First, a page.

Aced, masked, or dumber than dumb, he's comedy's savviest dolt

By Benjamin Svetkey
December 30, 1994 at 05:00 AM EST

This time last year, Jim Carrey was best known — if at all — as the white dude on Fox’s In Living Color. Two box office hits and millions of dollars in movie deals later, the doe-eyed comedian with the Silly Putty face is suddenly Hollywood’s hottest cutup. Boyishly handsome, oddly charismatic, and absolutely fearless about making a total idiot out of himself, Carrey, 32, is hugely popular with adults as well as kids, men as well as women — everyone but those stuffy critics. There have even been bold comparisons to that greatest of all low-concept big-screen morons, the one so beloved by the French.

”There’s been talk that Jerry Lewis would play my father in Ace Ventura 2,” Carrey offers. ”But I’m not sure. I haven’t been talked into it.”

These days, Carrey — who’s nothing if not smart about playing the fool — isn’t talked into any deals but the biggest. With this month’s Dumb and Dumber — in which he and Jeff Daniels costar as a pair of chowderheads who discover a suitcase stuffed with money (they’re so dumb, they actually try to find its owner)— he enters Hollywood’s highest income bracket. Paid a mere $350,000 for Ace (which raked in an alllll-righty sum of $72 million), and a piddling $450,000 for his turn as a zoot-suited, emerald-skinned superhero in last summer’s The Mask (which has so far pulled in $116 million), he finally hit the jackpot with Dumb: $7 million. Much more cash is on the way: at least $5 million to play the Riddler in Batman Forever, and another $7 million to $10 million apiece for sequels to Ace and The Mask. Not bad for a guy whose largest previous role was as an alien himbo in Earth Girls are Easy.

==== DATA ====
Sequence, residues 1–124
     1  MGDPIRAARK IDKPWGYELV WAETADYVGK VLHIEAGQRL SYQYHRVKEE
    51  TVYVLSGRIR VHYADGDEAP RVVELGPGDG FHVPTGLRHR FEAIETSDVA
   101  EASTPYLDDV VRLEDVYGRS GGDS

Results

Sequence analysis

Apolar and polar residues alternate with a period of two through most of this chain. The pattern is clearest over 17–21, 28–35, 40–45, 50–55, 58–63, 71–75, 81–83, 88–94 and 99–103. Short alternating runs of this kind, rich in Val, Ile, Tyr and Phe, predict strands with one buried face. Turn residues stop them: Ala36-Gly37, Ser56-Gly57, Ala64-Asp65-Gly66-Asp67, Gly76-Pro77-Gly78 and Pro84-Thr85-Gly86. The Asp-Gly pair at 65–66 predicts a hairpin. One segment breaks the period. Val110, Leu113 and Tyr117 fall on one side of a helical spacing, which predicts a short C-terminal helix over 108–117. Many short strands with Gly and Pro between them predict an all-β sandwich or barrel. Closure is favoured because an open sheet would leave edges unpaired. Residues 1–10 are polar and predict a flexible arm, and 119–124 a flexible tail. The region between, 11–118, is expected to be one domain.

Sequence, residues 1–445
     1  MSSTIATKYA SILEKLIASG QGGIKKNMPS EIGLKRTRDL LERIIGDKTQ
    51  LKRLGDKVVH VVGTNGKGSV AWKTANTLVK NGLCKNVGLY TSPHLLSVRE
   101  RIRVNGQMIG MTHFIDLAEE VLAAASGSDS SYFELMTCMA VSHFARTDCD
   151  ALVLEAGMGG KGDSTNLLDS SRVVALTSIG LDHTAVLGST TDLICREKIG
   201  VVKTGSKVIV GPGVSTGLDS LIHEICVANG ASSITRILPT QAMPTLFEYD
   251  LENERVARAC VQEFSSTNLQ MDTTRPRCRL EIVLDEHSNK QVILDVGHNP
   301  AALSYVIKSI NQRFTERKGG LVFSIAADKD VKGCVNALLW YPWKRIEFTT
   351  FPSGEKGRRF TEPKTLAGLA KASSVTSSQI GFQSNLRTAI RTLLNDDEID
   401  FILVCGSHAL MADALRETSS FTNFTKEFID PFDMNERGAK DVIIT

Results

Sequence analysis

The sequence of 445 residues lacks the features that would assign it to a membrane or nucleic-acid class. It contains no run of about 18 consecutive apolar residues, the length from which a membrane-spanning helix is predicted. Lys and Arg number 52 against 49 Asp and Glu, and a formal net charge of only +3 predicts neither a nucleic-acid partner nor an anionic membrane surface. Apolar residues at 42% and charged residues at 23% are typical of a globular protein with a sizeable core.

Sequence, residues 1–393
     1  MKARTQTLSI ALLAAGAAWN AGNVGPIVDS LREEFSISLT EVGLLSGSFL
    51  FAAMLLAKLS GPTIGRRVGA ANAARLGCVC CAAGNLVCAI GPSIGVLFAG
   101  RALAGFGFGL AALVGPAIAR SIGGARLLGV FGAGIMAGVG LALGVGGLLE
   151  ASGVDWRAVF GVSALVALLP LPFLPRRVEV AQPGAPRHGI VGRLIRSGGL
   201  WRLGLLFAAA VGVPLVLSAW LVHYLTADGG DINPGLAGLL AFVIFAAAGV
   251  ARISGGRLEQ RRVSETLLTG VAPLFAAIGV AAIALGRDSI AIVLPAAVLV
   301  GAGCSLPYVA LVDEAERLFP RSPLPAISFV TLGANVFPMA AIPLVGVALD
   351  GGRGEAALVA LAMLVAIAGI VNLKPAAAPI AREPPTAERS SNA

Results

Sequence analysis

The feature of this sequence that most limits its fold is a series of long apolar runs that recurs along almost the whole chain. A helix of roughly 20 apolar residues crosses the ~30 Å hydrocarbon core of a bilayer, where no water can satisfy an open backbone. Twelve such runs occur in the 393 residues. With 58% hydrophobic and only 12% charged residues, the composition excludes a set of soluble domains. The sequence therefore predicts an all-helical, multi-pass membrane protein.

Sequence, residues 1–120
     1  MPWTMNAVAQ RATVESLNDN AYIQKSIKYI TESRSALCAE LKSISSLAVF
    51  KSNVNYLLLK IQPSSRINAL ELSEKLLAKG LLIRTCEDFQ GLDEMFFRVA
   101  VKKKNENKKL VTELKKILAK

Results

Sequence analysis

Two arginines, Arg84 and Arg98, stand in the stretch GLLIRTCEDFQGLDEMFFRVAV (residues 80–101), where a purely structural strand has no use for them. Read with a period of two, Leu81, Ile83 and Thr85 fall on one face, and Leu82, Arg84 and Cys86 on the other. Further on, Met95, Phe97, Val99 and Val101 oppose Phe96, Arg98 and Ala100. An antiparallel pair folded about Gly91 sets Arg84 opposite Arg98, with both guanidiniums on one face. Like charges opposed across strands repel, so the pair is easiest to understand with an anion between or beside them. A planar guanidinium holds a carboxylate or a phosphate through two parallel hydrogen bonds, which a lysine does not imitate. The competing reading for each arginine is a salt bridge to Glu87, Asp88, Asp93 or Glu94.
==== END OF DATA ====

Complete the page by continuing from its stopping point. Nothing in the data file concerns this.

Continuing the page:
The secret of Carrey’s excess? ”I try to find something different each time out,” he says. ”In Dumb I took the bonding out of my chipped tooth. Kids across America will be smashing their teeth out after this movie.” They’ll have to go even further if they want to match Carrey’s disregard for vanity in comedy: Dumb and Ace Ventura showcase him in the year’s two most willfully ugly hairstyles.

If Carrey is not quite De Niro, he is, in his own way, just as dedicated to his craft. ”He’s like a human sponge, absorbing everything around him,” says longtime buddy Nicolas Cage. ”He’s very passionate about creative stimulant. He loves Salvador Dalí and reads Joseph Campbell books on mythology. He paints and creates sculptures, so he’s always feeding the beast within with creative input.” Cameron Diaz, Carrey’s love interest in The Mask, puts it more succinctly: ”Working with him is like visiting an insane asylum.”

According to Carrey, though, the madness isn’t without method: ”Once the lines are learned,” he says, ”and you know where you’re supposed to move in a scene, that’s when you can go beyond it and create something better. That’s when you’re with God. You’re living your life in front of the camera.”

In other words, that’s when he’s s-s-s-smokin’.